This one is of the bridge and canal in Manayunk, Philadelphia where she used to live. 2003
If you were her friend or family member, you knew this place. Her home on Pensdale St. in Manayunk. This was a really special place for her because it was “her” home. The first and only home that she would ever buy solely by herself. That was a big deal and great source of pride for her. She truly loved this home and this little city on the outskirts of Philly. Although she was born a Jersey girl, my Mom loved Philly and Manayunk was up and coming in the late 80’s when she moved there. She made a lot of good friends there, some who still keep in touch with me… So grateful for that. I still drive by that house when we go back to visit. It looks the same and makes me miss her, but I’m reminded of all the good memories that we made there, too. And, she was right, Manayunk boomed into happening place! She painted the house in 2004.
I would have to say that this is my favorite. It represents her as a mother to my brother and me. I’m the little bundle on her back. I love the color and feeling that it gives me. For me, it represents her protecting and nurturing us. She painted this in 2008. I display it in our dining room.
I’d like to conclude this post with a video that my Mom and I enjoyed together a few months before we realized that she had cancer. It is a video that I shared with her via email. It so sweetly celebrates our female nature. You should watch it! It’s worth the 5 minutes I promise. And, chances are you will be teary and grateful by the end.
Please be sure to continue reading below the video…
I’d like to share my Mom’s email response to me… Keep in mind, she did not know that she was sick at the time. I came across this response a month after she passed away. I had forgotten all about it. It had a whole new meaning once she was gone.
That about says it all. Makes you want to call a friend you haven’t talked to, or someone who, for whatever reason, you stopped being friends with. The best love you can give is honesty and tolerance, and at the same time not be a doormat to those who will take advantage.
This is always how I think of you. Loving, kind, tolerant, but saying your truth and hoping people will love you back for that. And if they don’t, you will still be there to love and pray for them. I have always admired you, loving you is easy. Even when you disagree with me or get angry at me at that moment, I know in my heart you love me and you’ll also pray for me (after you pray for the strength to do that).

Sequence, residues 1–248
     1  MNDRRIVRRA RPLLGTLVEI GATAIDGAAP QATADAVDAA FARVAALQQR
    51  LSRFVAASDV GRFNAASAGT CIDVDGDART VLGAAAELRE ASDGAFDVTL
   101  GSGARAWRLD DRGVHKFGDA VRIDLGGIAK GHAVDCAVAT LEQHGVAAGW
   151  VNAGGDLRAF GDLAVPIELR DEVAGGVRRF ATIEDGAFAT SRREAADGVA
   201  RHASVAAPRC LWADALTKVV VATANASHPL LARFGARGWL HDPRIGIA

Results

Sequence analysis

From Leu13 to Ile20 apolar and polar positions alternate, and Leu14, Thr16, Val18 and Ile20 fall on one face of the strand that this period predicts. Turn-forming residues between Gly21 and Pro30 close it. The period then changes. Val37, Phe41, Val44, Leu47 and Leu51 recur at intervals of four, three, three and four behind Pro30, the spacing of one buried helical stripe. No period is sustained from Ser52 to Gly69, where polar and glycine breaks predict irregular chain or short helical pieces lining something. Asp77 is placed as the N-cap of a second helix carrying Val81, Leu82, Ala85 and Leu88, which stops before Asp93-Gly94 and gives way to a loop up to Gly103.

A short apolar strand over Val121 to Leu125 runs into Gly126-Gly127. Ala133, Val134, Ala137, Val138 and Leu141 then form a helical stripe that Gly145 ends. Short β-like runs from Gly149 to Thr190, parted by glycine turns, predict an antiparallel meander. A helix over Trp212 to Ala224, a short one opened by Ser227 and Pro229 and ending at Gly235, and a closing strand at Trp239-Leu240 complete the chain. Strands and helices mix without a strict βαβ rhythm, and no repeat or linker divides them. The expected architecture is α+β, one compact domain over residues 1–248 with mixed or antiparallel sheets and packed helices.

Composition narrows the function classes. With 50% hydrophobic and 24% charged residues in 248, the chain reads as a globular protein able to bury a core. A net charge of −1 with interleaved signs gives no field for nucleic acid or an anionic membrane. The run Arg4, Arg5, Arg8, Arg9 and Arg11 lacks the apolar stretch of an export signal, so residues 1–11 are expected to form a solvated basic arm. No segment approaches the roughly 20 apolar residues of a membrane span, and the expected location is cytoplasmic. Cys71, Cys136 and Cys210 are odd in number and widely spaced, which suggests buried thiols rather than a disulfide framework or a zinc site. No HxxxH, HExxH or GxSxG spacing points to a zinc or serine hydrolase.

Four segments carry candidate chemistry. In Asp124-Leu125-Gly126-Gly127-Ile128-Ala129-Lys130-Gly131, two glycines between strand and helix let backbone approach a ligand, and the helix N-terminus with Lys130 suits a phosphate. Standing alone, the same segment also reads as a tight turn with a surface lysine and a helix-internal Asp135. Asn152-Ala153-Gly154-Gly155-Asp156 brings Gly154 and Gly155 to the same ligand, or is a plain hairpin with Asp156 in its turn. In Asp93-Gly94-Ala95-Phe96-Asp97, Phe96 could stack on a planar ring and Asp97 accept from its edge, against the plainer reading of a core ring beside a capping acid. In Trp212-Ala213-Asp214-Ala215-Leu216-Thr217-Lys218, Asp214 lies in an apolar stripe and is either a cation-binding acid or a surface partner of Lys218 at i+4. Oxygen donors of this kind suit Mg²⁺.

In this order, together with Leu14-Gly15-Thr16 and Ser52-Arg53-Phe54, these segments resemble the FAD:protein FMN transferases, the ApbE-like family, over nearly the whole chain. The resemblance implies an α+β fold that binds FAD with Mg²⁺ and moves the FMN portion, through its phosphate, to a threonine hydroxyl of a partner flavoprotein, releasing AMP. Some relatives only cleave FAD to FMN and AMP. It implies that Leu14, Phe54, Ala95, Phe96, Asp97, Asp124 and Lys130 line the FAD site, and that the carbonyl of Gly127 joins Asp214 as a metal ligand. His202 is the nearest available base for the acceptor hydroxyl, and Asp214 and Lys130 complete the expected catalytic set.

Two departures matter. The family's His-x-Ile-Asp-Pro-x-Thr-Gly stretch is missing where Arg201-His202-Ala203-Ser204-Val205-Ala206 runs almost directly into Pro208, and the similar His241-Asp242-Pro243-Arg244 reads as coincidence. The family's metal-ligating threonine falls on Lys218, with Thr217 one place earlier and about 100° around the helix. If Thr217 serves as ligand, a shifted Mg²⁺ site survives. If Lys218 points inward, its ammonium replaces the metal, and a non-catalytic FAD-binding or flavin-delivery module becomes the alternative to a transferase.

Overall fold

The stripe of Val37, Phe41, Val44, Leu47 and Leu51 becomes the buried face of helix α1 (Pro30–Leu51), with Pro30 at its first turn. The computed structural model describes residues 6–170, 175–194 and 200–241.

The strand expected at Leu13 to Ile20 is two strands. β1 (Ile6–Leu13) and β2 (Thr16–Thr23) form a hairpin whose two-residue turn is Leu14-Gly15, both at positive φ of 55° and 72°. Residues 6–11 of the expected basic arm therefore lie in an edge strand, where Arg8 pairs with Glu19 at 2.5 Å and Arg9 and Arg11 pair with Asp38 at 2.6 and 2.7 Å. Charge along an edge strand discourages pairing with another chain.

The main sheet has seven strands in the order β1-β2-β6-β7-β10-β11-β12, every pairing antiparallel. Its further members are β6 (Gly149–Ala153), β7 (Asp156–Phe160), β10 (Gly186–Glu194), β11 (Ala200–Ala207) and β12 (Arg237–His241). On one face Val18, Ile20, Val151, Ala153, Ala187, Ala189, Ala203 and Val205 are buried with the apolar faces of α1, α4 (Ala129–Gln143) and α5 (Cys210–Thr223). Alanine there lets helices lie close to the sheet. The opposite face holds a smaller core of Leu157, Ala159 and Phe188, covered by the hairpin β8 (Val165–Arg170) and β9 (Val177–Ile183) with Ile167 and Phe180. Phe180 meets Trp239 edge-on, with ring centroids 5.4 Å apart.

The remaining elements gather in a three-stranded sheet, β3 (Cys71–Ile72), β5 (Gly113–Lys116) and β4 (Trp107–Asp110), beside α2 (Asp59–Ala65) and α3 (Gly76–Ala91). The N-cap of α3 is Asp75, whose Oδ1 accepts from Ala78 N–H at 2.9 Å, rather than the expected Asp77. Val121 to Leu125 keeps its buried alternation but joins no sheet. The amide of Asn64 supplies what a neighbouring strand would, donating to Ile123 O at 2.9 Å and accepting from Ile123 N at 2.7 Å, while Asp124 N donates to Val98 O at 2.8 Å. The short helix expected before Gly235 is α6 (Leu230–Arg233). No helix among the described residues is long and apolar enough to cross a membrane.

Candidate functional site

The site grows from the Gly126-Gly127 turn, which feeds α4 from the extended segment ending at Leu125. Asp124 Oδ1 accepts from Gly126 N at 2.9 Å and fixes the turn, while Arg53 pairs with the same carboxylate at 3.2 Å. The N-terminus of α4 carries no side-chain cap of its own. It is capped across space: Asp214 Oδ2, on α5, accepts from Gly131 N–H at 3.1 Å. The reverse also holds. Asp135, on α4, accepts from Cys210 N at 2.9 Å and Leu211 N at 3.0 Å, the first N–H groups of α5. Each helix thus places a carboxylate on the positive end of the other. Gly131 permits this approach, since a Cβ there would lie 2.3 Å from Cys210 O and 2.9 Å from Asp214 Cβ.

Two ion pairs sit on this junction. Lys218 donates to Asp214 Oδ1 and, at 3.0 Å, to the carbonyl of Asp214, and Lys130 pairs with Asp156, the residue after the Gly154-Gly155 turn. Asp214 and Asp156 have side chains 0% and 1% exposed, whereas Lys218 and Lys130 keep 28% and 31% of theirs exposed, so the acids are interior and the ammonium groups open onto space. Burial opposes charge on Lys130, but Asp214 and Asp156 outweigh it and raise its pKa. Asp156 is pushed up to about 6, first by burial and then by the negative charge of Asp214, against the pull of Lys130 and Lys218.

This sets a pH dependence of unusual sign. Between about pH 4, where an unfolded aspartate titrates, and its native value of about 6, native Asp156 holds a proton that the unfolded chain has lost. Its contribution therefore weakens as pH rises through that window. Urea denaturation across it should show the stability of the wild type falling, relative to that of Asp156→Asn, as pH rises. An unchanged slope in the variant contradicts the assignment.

We always work to be better mothers, no matter how old. We try to be loving and hopefully pass some wisdom that we have learned to our children or grandchildren. And however we are, we hope that when we are gone you will sometimes laugh at the silly things that I have done, or that I am chatty, or share a story or two, maybe some sad and some happy. And most of all that we, me, remember that no one is perfect. I hope that you will say, in all my imperfection, that you will remember more of the good, for whatever it was, it also shaped who you are. Most important, that you remember how much I love you and the children, and how much you have changed my life – how rich it is.
I can honestly say that losing my Mom has been such a rollercoaster of emotions. I’m never prepared for when the sadness is going to hit me. One thing that I do know, in response to her email, is this… Life and relationships will have there ups and downs, but in the end, it IS the good memories that prevail if you let them. My Mom and I were very close, we always accepted each other for who we were. Sure, we had our moments of disagreements and frustrations, but they didn’t last. We enjoyed each other and showed genuine love for one another. I am thankful for the Mom that I had, she DID help to shape the person that I am… And today, I’m even more grateful for the good memories, and there are a lot…
So to that, I say “cheers!”